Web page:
Now more to the point; how much are your customers worth to you over their lifetimes of buying from you?
You must establish this long-term view of their value firmly in your mind before you can appreciate how important it is to develop a relationship with customers and to ensure everything is done to keep them for as long as possible.
The Difference between a Promotion and a Business
This raises an amazingly powerful business point. What's the difference between a promotion and a business?
Many business owners have just a promotion and go through life thinking they have a business. Confused? Let me explain.
With a promotion, you have one product, one service, and once you've sold it to someone, that's it. You've got to go out and find yourself another customer. So what you have is an ongoing marketing promotion, not a business.
On the other hand, a business is where you buy customers and then sell something or many things to them over and over and over again.
By the way, who ever said you can't sell someone else's products or services and get paid a commission for the referral? This happens all the time and it's very profitable business. Are you missing out?
Strategic alliances with other businesses can be a very powerful way to increase your customer base for a relatively low outlay. And, what's more, by linking up with the right businesses, you can target the exact type of customer who offers the best return on your acquisition cost.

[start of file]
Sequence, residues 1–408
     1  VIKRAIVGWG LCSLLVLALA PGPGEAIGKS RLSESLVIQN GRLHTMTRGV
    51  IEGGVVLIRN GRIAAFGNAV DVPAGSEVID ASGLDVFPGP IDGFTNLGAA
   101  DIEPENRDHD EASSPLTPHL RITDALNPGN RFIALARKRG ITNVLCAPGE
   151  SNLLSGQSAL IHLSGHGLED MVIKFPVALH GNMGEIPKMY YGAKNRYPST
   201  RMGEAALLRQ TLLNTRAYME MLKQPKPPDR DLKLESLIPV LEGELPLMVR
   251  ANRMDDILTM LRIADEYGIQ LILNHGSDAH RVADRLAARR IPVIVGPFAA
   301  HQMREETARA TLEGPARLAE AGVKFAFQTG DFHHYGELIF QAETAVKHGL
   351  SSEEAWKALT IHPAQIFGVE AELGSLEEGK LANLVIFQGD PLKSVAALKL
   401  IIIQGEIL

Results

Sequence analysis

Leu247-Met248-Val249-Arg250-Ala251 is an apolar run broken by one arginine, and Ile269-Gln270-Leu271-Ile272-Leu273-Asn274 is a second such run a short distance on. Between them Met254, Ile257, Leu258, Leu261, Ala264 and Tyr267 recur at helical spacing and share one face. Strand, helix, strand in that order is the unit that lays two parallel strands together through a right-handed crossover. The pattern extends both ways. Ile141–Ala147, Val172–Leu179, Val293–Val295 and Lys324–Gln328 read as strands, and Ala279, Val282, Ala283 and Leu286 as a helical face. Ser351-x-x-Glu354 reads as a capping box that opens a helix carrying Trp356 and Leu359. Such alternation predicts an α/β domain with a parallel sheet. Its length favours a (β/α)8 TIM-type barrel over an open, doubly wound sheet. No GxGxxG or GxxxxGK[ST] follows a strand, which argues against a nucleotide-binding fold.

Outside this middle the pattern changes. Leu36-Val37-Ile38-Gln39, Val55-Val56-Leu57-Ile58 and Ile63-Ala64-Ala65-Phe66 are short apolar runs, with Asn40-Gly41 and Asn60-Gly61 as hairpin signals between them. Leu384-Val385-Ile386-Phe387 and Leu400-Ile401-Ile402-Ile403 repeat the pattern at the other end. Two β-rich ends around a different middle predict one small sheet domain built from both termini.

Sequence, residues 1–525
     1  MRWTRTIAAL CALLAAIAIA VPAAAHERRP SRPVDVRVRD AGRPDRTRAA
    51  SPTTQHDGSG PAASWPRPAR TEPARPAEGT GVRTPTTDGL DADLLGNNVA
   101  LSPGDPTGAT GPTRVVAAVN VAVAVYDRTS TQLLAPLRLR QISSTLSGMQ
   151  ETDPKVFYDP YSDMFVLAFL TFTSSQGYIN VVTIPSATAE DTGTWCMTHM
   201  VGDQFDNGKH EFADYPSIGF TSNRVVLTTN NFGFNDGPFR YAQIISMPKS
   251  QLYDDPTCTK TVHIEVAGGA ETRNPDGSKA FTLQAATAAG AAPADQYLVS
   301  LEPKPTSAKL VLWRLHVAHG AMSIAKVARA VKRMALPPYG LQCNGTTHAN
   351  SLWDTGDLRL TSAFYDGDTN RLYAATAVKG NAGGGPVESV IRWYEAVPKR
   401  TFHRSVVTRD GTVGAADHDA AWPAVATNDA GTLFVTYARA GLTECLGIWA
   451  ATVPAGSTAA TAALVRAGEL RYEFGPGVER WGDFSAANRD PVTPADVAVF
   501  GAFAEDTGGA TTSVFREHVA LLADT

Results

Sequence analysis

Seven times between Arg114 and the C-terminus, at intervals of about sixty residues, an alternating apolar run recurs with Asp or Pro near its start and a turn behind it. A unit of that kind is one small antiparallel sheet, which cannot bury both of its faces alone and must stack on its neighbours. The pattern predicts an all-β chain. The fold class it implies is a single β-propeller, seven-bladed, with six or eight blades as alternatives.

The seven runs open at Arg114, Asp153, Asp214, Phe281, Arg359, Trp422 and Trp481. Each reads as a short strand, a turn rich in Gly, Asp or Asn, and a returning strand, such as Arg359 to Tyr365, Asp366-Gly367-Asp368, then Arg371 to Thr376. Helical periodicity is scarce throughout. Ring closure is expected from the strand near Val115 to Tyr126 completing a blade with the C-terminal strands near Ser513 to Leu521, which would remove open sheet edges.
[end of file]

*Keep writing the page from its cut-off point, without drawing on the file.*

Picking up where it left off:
What Makes a Successful Referral Strategy?
At this point it's important to consider just what makes a strategy successful. You see, it's pointless to have a strategy in place if it doesn't contribute to your bottom line.
There are a number of elements which, when combined, make a referral strategy successful. These range from finding the right type of customer to the strategy that best suits your type of business. But there are two things you need to understand above all else:
Your service must be extraordinary. Having good or even great service just won't do. If you want people to refer their friends, then make sure your service is first-rate. How do your customers really feel about doing business with you?